What is the Difference Between Lepidolite and Amethyst

The main difference between lepidolite and amethyst is that lepidolite is a lithium-rich mica, while amethyst is a type of quartz. Moreover, amethyst rates higher on the Mohs hardness scale, with a rating of 7.

Lepidolite is a lithium-rich aluminium-based mica while amethyst is a crystalline quartz with colours ranging from deep reddish-purple to pale lilac. The colour of lepidolite ranges from pink to purple while the colour of amethyst ranges from deep reddish-purple to pale lilac. Since both lepidolite and amethyst have a purple colour, it’s easy to confuse between them.

Key Areas Covered

1. What is a Lepidolite
     – Definition, Characteristics
2. What is Amethyst
     – Definition, Characteristics
3. Difference Between Lepidolite and Amethyst
     – Comparison of Key Differences

Key Terms

Amethyst, Lepidolite, Gemstones

Difference Between Lepidolite and Amethyst - Comparison Summary

What is Lepidolite

Lepidolite is a lithium-rich aluminium-based mica. It is typically categorized as a mineral, not a gemstone. It’s a major source of lithium and some rare alkali metals such as caesium and rubidium. Brazil, Canada, Madagascar, Russia, and the US are countries that produce lepidolite. It’s only during the past decade that this uncommon mineral became widely available in the mineral market.

Difference Between Lepidolite and Amethyst

Lepidolite has a unique colour, which can range from pink to purple and has a pearly lustre due to the presence of lithium flakes. The mineral streak of lepidolite is white to colourless. Moreover, it rates 2.5 to 3.5 on the Mohs hardness scale. Lepidolite is easily available, affordable and is ideal for jewellery or ornamentation. It goes great with all kinds of clothing and metal bases. Lepidolite is also believed to possess healing and calming properties.

What is Amethyst

Amethyst is a popular gemstone due to its attractive purple colour. It’s crystalline quartz with colours ranging from deep reddish-purple to pale lilac. The value of an amethyst gemstone depends almost entirely on its colour. Reddish purple amethysts are the most popular ones. Moreover, amethyst is the traditional birthstone for February. Furthermore, amethysts are widely available, durable, and affordable. They are also readily available in large sizes. Due to all these reasons, amethysts are a favourite gemstone of jewellers, artisans, and craftsmen.

Main Difference - Lepidolite vs Amethyst

Amethysts have a relatively high hardness of 7 and a specific gravity of 2.6 to 2.7. The physical properties of amethyst are nearly identical to those of other quartz; their main difference is in colour. High-quality amethysts are found in Siberia, Brazil, Sri Lanka, and the Far East.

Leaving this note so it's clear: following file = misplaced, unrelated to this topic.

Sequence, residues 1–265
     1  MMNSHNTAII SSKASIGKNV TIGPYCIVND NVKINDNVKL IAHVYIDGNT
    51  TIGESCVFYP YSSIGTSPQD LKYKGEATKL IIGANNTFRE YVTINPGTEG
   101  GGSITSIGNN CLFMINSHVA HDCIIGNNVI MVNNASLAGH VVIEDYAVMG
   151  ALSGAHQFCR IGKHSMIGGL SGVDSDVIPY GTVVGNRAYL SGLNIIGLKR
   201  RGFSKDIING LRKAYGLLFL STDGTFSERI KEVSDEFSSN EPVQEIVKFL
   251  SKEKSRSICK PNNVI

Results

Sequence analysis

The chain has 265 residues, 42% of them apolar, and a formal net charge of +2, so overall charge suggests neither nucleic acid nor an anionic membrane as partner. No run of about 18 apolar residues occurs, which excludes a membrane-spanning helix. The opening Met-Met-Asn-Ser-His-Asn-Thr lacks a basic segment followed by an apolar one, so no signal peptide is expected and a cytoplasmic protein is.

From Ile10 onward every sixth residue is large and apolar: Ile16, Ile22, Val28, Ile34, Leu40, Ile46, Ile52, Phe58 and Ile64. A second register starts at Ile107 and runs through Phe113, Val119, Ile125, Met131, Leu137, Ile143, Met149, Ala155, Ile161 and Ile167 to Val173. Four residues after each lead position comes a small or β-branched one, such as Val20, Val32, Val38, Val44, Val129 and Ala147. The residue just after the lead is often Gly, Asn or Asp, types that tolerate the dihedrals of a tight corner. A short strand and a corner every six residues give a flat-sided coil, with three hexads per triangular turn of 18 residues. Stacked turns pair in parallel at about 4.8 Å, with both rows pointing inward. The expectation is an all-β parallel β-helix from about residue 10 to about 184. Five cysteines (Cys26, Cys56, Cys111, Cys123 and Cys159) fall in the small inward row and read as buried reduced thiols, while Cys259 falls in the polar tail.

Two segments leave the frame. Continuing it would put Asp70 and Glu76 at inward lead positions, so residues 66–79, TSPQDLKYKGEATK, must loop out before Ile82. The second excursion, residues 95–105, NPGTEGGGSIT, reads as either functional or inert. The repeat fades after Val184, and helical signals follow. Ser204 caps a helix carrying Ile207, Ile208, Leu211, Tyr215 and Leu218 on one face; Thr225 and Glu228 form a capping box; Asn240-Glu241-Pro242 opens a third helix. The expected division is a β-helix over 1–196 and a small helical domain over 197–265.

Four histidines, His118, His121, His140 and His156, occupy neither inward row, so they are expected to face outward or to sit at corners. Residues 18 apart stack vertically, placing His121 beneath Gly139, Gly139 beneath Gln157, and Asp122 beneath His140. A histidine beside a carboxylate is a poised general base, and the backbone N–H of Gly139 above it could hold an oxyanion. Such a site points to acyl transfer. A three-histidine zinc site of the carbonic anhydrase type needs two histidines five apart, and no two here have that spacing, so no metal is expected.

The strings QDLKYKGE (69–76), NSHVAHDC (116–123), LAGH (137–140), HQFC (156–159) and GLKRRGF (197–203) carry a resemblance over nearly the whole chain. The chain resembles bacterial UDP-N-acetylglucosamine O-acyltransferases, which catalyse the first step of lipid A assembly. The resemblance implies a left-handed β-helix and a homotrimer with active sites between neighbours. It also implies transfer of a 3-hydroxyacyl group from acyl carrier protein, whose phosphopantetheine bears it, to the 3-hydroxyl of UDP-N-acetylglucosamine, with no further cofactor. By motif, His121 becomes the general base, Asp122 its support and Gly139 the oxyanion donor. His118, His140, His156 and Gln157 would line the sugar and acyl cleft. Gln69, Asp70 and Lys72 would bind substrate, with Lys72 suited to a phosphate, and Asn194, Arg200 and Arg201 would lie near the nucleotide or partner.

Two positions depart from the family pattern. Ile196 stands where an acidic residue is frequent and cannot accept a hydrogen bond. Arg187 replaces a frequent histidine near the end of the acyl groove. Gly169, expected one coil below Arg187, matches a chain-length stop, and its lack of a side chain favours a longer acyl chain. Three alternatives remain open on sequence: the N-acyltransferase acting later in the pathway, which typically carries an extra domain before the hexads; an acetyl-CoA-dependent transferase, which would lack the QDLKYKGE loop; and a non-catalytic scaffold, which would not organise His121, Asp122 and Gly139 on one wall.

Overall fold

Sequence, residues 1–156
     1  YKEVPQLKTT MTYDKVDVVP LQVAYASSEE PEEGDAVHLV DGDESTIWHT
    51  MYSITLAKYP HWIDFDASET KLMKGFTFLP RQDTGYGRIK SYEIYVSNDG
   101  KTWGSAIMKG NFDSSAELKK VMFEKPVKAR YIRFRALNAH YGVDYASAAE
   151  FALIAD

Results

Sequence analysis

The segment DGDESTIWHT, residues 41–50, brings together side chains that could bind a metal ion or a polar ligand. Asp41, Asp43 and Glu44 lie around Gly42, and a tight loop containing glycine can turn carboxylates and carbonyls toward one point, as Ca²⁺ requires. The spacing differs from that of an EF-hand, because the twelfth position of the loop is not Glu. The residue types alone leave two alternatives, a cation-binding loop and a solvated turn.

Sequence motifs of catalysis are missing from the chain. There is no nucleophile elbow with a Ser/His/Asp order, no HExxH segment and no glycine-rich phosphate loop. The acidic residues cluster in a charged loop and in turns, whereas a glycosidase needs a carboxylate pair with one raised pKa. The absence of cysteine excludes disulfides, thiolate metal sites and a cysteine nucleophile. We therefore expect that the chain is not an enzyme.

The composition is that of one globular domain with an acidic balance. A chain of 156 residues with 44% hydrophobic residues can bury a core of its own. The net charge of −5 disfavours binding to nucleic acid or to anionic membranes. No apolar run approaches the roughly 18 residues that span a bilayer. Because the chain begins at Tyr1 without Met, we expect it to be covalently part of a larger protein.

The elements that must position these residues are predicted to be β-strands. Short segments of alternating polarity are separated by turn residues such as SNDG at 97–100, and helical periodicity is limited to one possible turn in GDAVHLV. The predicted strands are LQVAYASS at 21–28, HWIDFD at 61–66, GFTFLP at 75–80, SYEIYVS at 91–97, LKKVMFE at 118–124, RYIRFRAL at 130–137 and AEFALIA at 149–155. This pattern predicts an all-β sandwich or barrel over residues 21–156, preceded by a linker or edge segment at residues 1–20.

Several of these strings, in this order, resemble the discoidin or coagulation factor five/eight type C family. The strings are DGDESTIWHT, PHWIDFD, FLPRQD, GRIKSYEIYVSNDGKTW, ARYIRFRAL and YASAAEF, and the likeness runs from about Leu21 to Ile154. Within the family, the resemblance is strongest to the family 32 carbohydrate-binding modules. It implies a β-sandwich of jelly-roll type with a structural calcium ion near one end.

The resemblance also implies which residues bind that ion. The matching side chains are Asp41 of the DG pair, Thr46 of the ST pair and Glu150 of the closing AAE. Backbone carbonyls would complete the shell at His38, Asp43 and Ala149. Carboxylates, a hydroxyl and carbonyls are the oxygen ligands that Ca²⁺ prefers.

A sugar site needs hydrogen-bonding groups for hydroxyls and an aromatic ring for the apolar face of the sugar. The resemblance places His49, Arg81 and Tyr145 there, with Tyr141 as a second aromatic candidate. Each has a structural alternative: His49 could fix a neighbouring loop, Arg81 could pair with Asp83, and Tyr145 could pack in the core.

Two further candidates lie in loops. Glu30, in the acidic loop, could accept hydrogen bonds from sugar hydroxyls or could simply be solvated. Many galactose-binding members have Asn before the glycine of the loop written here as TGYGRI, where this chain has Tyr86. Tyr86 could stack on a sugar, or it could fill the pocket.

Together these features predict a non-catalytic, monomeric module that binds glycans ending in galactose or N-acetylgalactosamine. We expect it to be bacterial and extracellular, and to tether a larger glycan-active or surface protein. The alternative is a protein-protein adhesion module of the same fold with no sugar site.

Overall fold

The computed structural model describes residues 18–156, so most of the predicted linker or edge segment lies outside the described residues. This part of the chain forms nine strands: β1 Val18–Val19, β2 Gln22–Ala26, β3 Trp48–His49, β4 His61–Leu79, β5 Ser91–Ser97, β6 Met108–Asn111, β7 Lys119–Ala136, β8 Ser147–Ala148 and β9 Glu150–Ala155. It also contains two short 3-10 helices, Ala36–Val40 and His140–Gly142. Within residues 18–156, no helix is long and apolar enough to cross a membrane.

Difference Between Lepidolite and Amethyst

Definition

Lepidolite is a lithium-rich aluminium-based mica while amethyst is a crystalline quartz with colours ranging from deep reddish-purple to pale lilac.

Nature

While lepidolite is a lithium-rich mica, amethyst is a type of quartz.

Colour

The colour of lepidolite ranges from pink to purple while the colour of amethyst ranges from deep reddish-purple to pale lilac.

Lustre

Lepidolite is pearly to vitreous while amethyst is vitreous.

Streak

The mineral streak of lepidolite is white to colourless while the mineral streak of amethyst is colourless.    

Mohs Hardness

Lepidolite rates 2.5 to 3.5 on the Mohs hardness scale while amethyst rates on 7 the Mohs hardness.

Crystal System

Lepidolite has a monoclinic crystal system while amethyst has a hexagonal crystal system.

Conclusion

Lepidolite is a lithium-rich aluminium-based mica while amethyst is a crystalline quartz with colours ranging from deep reddish-purple to pale lilac. Amethyst rates higher on the Mohs hardness scale, with a rating of 7, while lepidolite a Mohs hardness of 2.5 to 3.5. Thus, this is the main difference between lepidolite and amethyst.

Reference:

1. “Lepidolite.” Geology, Available here.
2. “Amethyst.” Geology, Available here.

Image Courtesy:

1. “Lepidolite-76776” By Rob Lavinsky, iRocks.com – (CC BY-SA 3.0) via Commons Wikimedia
2. “Amethyst Siberia MNHN Minéralogie” – by Marie-Lan Taÿ Pamart – Gallery of Mineralogy and Geology of the French National Museum of Natural History in Paris. (CC BY 4.0) via Commons Wikimedia

About the Author: Hasa

Hasa has a BA degree in English, French and Translation studies. She is currently reading for a Masters degree in English. Her areas of interests include literature, language, linguistics and also food.

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